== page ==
Among Tsaatans, reindeer is very much a member of the clan.  Every family chooses a special reindeer to be sanctified by a shaman to carry inside the living spirits of the locale.  The designated reindeer wears a pretty scarf, usually of blue silk, it never gets eaten or even tied down, so it develops a habit of roaming around the village, sneaking inside empty yurts or following somebody around.

The spirit reindeer of my family happened to be angel-white and totally shameless.  The relentless beast viewed me as a personal entertainment channel with the 24/7 access.  My pet-owning friends often complain how awkward it is for them to act naturally in the bathroom in the family dog’s presence. Now imagine yourself on a mountain, in pristine taiga, ankle-deep in the early morning dew, preparing for the inevitable in the endless open space, with no doors or walls to create a comfort zone.  And now picture – three steps in front of you – a very patient white reindeer, staring.  You have to go urgently, and he’s got nowhere urgent to go.  Guess which one of the two has more fun playing this game and doesn’t ever get tired of it.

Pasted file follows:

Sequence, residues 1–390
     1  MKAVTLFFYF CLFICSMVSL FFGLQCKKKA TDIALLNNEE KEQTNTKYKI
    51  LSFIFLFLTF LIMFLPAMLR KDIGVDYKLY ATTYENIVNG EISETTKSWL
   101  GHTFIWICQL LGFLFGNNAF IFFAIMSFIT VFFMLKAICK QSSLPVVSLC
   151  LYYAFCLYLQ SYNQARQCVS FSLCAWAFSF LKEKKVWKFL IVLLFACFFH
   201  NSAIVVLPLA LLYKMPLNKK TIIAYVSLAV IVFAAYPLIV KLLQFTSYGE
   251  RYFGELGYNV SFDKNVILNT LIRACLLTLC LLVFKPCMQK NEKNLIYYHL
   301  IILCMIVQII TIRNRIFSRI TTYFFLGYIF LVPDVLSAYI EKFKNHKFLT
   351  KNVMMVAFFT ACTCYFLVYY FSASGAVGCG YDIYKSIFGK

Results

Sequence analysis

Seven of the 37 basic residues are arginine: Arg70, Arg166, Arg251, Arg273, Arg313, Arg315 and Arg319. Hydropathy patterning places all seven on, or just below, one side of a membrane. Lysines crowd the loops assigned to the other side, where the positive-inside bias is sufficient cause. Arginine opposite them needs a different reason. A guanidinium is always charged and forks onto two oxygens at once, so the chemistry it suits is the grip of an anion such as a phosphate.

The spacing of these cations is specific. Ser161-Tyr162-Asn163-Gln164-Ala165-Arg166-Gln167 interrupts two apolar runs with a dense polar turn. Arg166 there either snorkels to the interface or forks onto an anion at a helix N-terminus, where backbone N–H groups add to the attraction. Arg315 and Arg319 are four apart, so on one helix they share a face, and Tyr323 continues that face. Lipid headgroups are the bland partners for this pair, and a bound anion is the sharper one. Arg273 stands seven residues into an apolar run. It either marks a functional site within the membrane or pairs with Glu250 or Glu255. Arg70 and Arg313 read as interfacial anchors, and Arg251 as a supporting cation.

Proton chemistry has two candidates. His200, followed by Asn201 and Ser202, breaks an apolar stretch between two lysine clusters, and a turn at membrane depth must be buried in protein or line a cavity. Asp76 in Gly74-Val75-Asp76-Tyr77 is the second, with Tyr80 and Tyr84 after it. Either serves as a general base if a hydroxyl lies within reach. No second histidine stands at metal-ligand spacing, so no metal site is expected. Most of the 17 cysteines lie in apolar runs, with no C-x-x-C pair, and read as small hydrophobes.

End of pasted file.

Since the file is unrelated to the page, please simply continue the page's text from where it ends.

Sometimes reindeer are used as cargo transport for moving the tribe from an old pasture to a new one.  Loaded with pots, pans, solar batteries and other household stuff, a reindeer occasionally readjusts the cargo weight by shaking its skin, the pots and pans rumbling  as if the animal is performing a shaman ritual to procure good luck for its own upcoming journey.

But the very best moment in a reindeer herders’ place is when a herd pours back into the village at sunset, preceded by a delicate sound wave of ankle bones clicking, as if a flock of angels is descending upon you.   And you feel it’s the perfectly magical moment to make a wish, yet you can’t remember anything you ever wanted before, but it’s all right, it is actually quite all right with you.